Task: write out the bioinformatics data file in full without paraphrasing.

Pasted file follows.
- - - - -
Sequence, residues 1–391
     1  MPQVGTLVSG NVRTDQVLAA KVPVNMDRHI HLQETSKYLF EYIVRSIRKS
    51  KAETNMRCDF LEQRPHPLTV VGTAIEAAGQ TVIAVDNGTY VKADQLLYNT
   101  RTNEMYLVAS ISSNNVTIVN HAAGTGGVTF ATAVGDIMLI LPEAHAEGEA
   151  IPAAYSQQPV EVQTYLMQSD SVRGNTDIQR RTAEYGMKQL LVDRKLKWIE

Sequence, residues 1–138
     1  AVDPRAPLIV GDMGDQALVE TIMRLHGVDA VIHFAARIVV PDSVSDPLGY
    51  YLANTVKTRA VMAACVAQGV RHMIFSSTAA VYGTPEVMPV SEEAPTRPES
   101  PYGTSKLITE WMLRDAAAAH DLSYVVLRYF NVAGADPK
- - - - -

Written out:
Sequence, residues 1–391
     1  MPQVGTLVSG NVRTDQVLAA KVPVNMDRHI HLQETSKYLF EYIVRSIRKS
    51  KAETNMRCDF LEQRPHPLTV VGTAIEAAGQ TVIAVDNGTY VKADQLLYNT
   101  RTNEMYLVAS ISSNNVTIVN HAAGTGGVTF ATAVGDIMLI LPEAHAEGEA
   151  IPAAYSQQPV EVQTYLMQSD SVRGNTDIQR RTAEYGMKQL LVDRKLKWIE

Sequence, residues 1–138
     1  AVDPRAPLIV GDMGDQALVE TIMRLHGVDA VIHFAARIVV PDSVSDPLGY
    51  YLANTVKTRA VMAACVAQGV RHMIFSSTAA VYGTPEVMPV SEEAPTRPES
   101  PYGTSKLITE WMLRDAAAAH DLSYVVLRYF NVAGADPK